BMW built them from 1992 to 1999, and the E36 M3 featured a newly designed six-cylinder plant. Earlier models had a 3.0-liter engine with 291 HP. But from 1995 until the end of production, the bigger 3.2-liter with 321 HP was installed. Unfortunately, in America, the E36 M3s had only 240 HP due to emissions regulations, which crippled the otherwise powerful BMW engine.

Available as a sedan, coupe or convertible, the E36 M3 was popular. And it introduced new standards in handling and performance. The 0 to 60 mph times were around six seconds. Thanks to the chassis, the steering was sharp and the driving dynamics were perfect. You can find well-maintained and accident-free examples for around $10,000.

That is a bargain compared to newer M3 and M4 prices, especially considering you will get one of the most legendary performance models of the 90’s destined to be classics in the near future.

4. Porsche Boxster

The Boxster marked Porsche’s return to the flat-six engine after the front engine 924 and 944 featured an inline four-cylinder. They introduced it in 1997, and the Boxster is almost a classic model. This means it is affordable and plentiful on the used car market. The power comes from a 2.5, 2.7 or 3.2-liter flat-six engine mounted centrally behind the passengers for perfect road holding and weight distribution.

When it was launched, many car magazines praised the Boxster for its handling and precise steering, qualities that still stand today. With the power output ranging from 204 to 260 HP and 0 to 60 mph times in less than seven seconds, the Boxster is capable. And with two trunks, one in back and one in the front, this roadster is practical, too.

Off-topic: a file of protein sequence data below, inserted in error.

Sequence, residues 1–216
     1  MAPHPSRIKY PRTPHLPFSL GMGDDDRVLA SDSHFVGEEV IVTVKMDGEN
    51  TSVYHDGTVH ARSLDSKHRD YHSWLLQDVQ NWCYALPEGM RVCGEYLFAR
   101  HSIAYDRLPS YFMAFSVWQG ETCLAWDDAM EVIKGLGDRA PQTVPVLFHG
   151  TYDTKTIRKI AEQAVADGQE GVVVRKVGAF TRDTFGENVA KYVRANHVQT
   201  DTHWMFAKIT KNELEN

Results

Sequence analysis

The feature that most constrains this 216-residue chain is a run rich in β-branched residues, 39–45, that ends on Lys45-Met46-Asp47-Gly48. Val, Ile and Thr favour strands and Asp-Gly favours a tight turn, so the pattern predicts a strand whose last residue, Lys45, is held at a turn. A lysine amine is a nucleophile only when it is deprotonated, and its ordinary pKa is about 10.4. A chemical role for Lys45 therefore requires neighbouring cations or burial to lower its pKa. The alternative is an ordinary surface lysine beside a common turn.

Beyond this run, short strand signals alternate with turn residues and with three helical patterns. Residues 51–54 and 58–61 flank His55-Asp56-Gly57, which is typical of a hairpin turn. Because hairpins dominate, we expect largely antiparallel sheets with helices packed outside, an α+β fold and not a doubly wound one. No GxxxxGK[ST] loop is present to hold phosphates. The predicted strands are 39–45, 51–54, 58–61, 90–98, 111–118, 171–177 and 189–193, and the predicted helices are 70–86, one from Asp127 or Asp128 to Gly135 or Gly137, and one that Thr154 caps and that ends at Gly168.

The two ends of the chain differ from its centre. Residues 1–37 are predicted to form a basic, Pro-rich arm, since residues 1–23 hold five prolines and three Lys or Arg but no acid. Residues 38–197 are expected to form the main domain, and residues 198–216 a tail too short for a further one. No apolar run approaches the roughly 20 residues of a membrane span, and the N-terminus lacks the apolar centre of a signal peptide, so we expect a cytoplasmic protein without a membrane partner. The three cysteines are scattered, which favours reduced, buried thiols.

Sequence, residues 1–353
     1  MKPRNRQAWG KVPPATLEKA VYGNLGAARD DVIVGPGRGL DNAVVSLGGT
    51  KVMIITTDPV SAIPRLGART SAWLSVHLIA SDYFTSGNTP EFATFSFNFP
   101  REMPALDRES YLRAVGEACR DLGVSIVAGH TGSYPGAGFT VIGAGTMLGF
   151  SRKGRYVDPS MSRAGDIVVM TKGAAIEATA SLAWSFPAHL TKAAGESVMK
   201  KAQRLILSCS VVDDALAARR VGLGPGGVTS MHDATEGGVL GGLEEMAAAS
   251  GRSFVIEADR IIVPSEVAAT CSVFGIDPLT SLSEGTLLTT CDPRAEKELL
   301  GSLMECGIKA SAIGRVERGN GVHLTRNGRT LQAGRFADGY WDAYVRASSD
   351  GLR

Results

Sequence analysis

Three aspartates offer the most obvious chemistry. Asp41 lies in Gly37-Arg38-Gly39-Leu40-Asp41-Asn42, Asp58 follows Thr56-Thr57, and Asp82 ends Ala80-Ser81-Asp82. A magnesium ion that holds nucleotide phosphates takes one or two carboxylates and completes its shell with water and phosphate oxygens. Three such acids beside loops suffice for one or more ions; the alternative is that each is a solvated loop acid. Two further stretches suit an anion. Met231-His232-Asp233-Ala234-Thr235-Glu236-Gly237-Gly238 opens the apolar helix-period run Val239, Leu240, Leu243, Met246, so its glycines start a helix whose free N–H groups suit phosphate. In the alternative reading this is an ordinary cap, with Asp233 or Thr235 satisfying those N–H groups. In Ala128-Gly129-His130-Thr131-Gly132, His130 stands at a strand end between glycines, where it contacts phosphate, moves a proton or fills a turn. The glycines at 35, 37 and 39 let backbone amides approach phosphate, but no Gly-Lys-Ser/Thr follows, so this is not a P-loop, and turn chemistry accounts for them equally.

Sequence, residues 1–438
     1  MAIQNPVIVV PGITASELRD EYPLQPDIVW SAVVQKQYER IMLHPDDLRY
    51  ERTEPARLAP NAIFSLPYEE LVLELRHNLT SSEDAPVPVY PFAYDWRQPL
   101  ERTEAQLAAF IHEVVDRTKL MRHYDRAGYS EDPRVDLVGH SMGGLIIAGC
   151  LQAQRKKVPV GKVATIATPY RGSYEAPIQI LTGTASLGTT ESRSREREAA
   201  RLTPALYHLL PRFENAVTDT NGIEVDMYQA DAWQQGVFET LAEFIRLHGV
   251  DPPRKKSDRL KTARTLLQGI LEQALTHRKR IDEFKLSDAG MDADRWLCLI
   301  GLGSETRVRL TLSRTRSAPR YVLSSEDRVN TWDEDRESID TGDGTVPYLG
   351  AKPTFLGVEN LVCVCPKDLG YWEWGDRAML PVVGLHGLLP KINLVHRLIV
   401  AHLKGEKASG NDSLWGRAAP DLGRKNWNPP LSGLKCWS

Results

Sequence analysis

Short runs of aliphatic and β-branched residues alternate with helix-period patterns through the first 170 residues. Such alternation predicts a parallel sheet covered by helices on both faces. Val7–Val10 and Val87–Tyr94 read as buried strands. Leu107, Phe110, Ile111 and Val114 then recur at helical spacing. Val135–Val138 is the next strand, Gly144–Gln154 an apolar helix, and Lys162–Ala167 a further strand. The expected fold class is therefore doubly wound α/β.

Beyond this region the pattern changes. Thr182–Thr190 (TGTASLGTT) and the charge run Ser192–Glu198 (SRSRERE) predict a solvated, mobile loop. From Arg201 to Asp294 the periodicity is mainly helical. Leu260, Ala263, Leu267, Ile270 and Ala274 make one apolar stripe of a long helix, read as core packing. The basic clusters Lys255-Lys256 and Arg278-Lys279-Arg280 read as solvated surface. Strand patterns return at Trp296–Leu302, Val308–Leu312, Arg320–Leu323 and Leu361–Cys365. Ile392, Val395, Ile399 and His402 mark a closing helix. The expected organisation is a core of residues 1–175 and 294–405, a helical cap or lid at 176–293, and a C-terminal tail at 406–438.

So, who needs an expensive 911 when you can have a first-generation Boxster from 1997 to 2004 for less than $10,000? And it what if comes in pristine condition that drives just as nice and has the same driving feel?

5. Ford Mustang GT 5.0 H.O.

The rise in power of domestic cars during the ’80s brought the first real performance to the Mustang range in almost 20 years. The Fox-body Mustang grew more powerful with each model year, starting from 175 HP in the 1983 model. By the late ’80s, the venerable 5.0-liter V8 engine was pumping 225 HP and 300 lb-ft of torque.

These numbers translated to quite competent 0 to 60 mph times. The Mustang was once again an affordable performance car with cool styling, lots of options and enough power to spin the rear wheels in any gear. That is why most car fans consider the 1988 to 1993 Mustang 5.0 GT as one of the best 80’s muscle cars.

This car marked the return to Ford’s roots with a strong V8 engine and exciting performance. Also, the late ’80s Fox-body GT was popular, so they are plentiful today. This makes them a great choice for entry-level collectors. Also, the aftermarket for those cars is enormous, so you can easily and affordably make your Fox-body GT even faster.

6. SAAB 900 Turbo

SAAB introduced their 900 model in the late ’70s. This was when they were at the height of their success as an upscale manufacturer of high-quality, high-tech cars. They presented the 900 Turbo at a time when turbocharging was new. In fact, only a few models had it as a regular production item. But in the late ’70s, SAAB was briefly the only non-sports model with the option of a turbocharged engine.

The 2.0-liter four-cylinder with forced induction produced 143 HP at first and all the way to 185 HP in later versions. They initially offered the 900 Turbo as a coupe, but it also came as a convertible. In the 80’s, SAAB cars were popular as stylish, yet usable, affordable transport with advanced technology and a unique design. Back in the day, the SAAB 900 was different from any other offering in that price class. The convertible was especially sought after in yuppie circles of young executives in the 80’s.